December 8, 2015
Frontier Town to Economic Juggernaut
Photography by Jason Ali
Freelance photographer and travel enthusiast for the Texas area.
The meteoric rise of Dallas over the 175 years of its history is nothing short of breathtaking. The city’s enterprising inhabitants have led the world in a succeeding range of fields, from ranching to oil extraction, manufacturing and high technology, vastly enriching the city and shaping the skyline we see today. Though the city has endured dark days of depression, assassinations, wars and racism, the economic triumph of Dallas can be seen in the imperious towers that dominate the city’s skyline today.
Before Dallas was the metropolis we know today, it spent thousands of years as home to the indigenous Caddo people and their farmsteads and hamlets dotted the region. The region was claimed by the Spanish in the late 1500s, but this was a claim in name only, and for hundreds of years only the odd adventure-seeking European passed through the region. It was only in the mid-19th Century, a couple years after Texas declared independence from Mexico, that the first permanent European settlers arrived at the side of the Trinity River, led by the enterprising John Neely Bryan. In 1841 he founded what would become Dallay, and for years it remained little more than a tiny far-flung outpost of Euro-American settlement, continuing in this modest manner for some time after Texas was incorporated into the United States in 1845.
A look down Evray Street from just by Stone Place. The building on the left has survived 115 years — even today you can still see the faded letters from the advertisement painted there. The building, the tallest at the time, has since been dwarfed by dozens of glass towers.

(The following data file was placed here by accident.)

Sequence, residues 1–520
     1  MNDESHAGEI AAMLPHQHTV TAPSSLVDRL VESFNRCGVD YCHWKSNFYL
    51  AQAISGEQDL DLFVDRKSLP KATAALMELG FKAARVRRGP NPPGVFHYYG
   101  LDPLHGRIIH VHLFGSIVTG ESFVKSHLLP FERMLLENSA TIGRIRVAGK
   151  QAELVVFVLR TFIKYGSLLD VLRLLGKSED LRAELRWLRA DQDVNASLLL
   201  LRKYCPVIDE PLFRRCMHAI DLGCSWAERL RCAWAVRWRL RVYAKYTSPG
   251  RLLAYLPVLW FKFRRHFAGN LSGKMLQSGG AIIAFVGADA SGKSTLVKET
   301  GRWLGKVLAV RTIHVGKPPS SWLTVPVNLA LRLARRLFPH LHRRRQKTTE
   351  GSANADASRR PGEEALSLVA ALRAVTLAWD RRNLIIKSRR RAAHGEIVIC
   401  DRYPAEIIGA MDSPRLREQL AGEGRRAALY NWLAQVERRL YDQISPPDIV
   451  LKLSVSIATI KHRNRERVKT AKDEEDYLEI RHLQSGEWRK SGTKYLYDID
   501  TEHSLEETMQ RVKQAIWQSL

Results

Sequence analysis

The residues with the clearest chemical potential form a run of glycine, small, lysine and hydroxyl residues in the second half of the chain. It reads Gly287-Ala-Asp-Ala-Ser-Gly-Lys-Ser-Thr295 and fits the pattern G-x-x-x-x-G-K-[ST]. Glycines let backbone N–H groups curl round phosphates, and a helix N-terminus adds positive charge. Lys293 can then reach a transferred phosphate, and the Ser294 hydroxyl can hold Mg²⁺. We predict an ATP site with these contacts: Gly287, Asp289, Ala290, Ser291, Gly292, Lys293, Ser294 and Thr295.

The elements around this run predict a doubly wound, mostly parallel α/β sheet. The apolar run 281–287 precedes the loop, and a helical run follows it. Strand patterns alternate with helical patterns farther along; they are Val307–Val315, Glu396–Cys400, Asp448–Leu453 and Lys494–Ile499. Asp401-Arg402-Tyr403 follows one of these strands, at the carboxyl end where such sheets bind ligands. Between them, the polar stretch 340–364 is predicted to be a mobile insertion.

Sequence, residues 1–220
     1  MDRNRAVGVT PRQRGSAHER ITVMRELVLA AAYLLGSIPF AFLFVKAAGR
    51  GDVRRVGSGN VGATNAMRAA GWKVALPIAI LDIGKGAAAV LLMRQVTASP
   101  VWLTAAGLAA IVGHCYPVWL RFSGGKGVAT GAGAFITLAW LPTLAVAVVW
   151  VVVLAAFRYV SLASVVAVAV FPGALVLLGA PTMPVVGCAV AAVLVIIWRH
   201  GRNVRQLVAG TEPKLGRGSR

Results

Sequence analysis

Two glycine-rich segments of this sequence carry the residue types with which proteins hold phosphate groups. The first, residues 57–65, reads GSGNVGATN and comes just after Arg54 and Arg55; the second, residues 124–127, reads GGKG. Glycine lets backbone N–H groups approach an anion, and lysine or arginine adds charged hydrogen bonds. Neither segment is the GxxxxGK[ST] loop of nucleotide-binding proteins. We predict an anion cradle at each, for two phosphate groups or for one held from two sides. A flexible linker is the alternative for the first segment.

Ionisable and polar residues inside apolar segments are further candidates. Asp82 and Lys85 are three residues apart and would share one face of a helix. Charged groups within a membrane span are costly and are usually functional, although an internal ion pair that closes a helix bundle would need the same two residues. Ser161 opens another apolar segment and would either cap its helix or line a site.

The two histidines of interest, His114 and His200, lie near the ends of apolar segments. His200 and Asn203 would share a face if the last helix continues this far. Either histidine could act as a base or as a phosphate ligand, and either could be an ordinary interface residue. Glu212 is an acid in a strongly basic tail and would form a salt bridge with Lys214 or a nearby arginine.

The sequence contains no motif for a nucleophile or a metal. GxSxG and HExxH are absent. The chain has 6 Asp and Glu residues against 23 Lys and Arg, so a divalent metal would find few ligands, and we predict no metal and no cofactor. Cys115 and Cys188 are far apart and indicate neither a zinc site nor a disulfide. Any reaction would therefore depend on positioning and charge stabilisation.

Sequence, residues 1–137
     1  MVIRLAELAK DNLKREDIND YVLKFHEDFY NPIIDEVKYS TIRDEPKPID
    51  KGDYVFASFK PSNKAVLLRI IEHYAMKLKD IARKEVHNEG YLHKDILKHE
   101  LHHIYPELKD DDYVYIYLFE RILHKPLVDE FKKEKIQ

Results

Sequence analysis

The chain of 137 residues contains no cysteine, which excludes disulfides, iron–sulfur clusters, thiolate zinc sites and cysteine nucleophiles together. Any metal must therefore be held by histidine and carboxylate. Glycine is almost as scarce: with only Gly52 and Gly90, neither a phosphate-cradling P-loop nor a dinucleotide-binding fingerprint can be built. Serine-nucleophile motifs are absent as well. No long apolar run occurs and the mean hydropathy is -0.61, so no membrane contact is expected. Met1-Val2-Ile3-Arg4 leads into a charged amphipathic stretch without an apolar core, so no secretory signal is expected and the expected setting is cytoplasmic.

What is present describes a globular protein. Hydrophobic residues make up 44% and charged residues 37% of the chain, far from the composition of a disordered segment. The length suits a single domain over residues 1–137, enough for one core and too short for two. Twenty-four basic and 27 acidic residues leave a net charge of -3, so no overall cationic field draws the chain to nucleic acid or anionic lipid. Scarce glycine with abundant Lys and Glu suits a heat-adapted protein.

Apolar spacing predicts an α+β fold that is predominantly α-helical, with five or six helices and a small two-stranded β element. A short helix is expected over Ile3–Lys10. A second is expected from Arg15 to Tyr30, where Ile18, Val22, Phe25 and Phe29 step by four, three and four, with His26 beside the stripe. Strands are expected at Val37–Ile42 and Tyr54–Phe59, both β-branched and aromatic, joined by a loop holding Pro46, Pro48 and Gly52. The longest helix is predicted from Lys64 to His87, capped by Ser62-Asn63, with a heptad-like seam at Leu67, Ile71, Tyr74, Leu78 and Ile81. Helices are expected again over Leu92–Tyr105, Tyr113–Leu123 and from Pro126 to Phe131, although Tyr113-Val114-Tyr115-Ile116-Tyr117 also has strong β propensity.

The facade of the fashionable Adolphus hotel shortly after its completion in 1912. Built by Adolphus Busch, the founder of the Anheuser-Busch beer empire, it was designed in the French-inspired Beaux Arts style of the early 20th Century.
The Women's KKK Drum Corps poses in front of Union Station.
An arch welcoming visitors to Dallas at the corner of Akard and Main. Colourful arches welcoming visitors to the town were a staple of towns and cities across the English speaking world in the late 19th and early 20th Century. They have since fallen out of favour.
At the same arch we see here an ugly event in Dallas's history. Allen Brooks, a domestic labourer, was accused of attempting to rape his employer's 2-year-old daughter. During his arraignment a lynch mob burst into the courthouse and seized him, taking him to the arch and hanging him from it. The photo here is actually a postcard, one of a series of such souvenir lynching post cards popular at the time. There were postcards from 100 lynchings in the collection "Without Sanctuary" published by James Allen in 2001.
Streetcars ply Commerce Street in this postcard view from early 1900s. You can tell it's Texas because of the stetson worn by the man at the right.
Another postcard view, this one of Dallas's romanesque courthouse. Built in 1892 and affectionately nick-named Old Red, it is one of the few old buildings surviving in Dallas's downtown core.
The bunting is out and the streets are packed for Elk Week on Ervay Street. The building on the right has not changed. Even as late as the 1920s there are not many cars on the roads.
A streetcar trundles down Main Street, between Austin and Market Streets. Streetcars traveled little faster than walking speed but were a common sight in most cities in the Western World up to the 1930s.
The famous Neiman Marcus flagship store. Originally built in 1914, it was originally designed in such a manner that more floors could be added on at a later date. This proved to be a prescient design decision, as two more floors were added in 1953, then another in 1959, then two more in the 1980s.
A photo from the Warren Commission showing the route taken by President Kennedy's motorcade on the day he was assassinated in 1963. The window on the book depository from which Oswald fired the fatal shots has been marked.